During 2001 and 2002, several data analyses on foster care and adoption issues were conducted for ASPE based on the Multi-State Foster Care Data Archive maintained by the Chapin Hall Center for Children at the University of Chicago. The following papers are available in this series:
- Foster Care Dynamics in Urban and Non-Urban Counties (February 2002) This paper examines differences between large urban areas, smaller urban areas and non-urban areas in their use of foster care. It looks at placement rates, child demographic characteristics and childrens placement histories to understand how childrens needs and program operations interact to produce differences in foster care experiences. The analysis finds that child welfare systems in large urban areas show very different patterns of foster care utilization than do other urban areas. These other urban areas look more like non-urban areas in their service provision patterns. In addition, the foster care placement of large numbers of African American infants seems to be the primary feature distinguishing care patterns in large urban foster care programs from those observed elsewhere.
- Growth in the Adoption Population (March 2002) This paper explores the possible impact of recent federal policy changes on the future size of the adoption population that is, children adopted from foster care. Results are presented from a simulation model that uses data from Chapin Halls Multistate Foster Care Data Archive to project the size of the adoption population and the number of children in foster care for the next 20 years. In particular, the sensitivity of the projected size of the adoption population to changes in adoption rates and the number of children entering foster care in the future is examined. The analysis shows that in the next few years, most likely between 2004 and 2006, the number of children receiving adoption assistance will exceed the number of children in foster care. Further, the adoption population will continue to be larger than the foster care population well into the future, unless there are unusually dramatic changes in the number of foster care admissions.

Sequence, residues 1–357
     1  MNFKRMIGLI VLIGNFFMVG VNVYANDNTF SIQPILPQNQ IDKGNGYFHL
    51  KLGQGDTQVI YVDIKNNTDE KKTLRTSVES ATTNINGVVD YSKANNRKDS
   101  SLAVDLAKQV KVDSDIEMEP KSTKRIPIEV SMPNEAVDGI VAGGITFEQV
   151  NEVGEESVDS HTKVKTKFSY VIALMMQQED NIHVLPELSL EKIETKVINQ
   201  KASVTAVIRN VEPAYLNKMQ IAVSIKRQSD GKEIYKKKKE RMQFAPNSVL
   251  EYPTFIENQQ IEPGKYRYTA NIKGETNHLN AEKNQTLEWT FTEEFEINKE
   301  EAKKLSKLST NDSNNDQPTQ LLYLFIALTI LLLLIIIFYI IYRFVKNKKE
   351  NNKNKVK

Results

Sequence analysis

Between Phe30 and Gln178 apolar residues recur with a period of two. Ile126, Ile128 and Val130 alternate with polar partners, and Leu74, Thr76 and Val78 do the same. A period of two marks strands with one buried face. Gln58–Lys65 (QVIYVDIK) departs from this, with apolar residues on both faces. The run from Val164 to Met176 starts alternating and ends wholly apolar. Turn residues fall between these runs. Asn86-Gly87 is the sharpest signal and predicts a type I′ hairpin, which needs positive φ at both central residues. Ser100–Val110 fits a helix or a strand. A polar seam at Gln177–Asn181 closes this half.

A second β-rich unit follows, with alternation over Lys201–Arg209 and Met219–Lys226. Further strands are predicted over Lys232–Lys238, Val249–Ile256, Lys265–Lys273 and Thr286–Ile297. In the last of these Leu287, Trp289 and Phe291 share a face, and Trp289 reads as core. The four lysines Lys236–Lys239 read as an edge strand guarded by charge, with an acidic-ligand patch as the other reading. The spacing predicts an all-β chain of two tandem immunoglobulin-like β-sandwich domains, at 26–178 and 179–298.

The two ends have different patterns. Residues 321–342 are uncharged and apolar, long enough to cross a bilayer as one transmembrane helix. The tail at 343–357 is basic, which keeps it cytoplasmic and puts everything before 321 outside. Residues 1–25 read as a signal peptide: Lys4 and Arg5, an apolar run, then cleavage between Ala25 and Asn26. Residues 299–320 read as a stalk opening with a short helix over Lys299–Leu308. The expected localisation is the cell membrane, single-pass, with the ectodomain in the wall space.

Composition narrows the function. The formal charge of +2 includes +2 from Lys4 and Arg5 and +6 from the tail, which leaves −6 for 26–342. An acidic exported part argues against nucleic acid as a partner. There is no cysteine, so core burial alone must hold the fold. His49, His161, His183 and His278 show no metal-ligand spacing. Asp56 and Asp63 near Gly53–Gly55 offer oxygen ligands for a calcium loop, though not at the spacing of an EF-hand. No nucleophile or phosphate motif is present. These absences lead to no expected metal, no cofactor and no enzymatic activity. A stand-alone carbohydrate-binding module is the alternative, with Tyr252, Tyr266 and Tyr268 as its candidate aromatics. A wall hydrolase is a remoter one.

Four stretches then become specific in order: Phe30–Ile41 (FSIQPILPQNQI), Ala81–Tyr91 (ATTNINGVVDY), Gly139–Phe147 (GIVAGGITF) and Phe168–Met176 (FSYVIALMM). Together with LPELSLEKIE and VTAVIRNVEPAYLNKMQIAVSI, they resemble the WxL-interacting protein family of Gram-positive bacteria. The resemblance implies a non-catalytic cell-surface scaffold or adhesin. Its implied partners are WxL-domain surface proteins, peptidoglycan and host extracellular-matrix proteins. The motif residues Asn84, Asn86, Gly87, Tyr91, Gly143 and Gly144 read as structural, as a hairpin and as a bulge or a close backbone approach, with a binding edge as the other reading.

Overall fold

- Adoption Dynamics: The Impact of the Adoption and Safe Families Act (August 2002) Using data from the Multistate Foster Care Data Archive, this study looks at what effects, if any, the Adoption and Safe Families Act (ASFA) has had on the proportion of children admitted to foster care who were later adopted and the time needed to complete those adoptions. The analyses support four main conclusions: (1) it is too soon to say whether ASFA had an impact on the likelihood of adoption; (2) time to adoption has sped up in recent years, a trend that began pre-ASFA and continued post-ASFA; and (3) evidence available thus far suggests that the time to reunification has slowed since ASFA.
- Adoption Dynamics: Comparative Results for Subpopulations (November 2002) Using data from the Multistate Foster Care Data Archive, this study examines whether, as the pace of adoptions accelerated during the 1990s, certain demographic subpopulations experienced more change than others. The interest in subgroups reflects a desire to better understand differences that define the experiences of children within the foster care system. The analysis finds that (1) all subgroups reflected an increased likelihood of adoption per unit time; (2) children from urban areas, African-American children, and children living in kinship homes experienced the greatest increases in the likelihood of adoption; and (3) African-American children from urban areas living in kinship homes showed the most significant change of all, although these children continue to move more slowly to adoption than other children.
To obtain printed copies of these reports, send or fax the title and your mailing information to:Human Services Policy, Room 404E Assistant Secretary for Planning and Evaluation U.S. Department of Health and Human Services 200 Independence Av, SW Washington, DC 20201
Fax: (202) 690-6562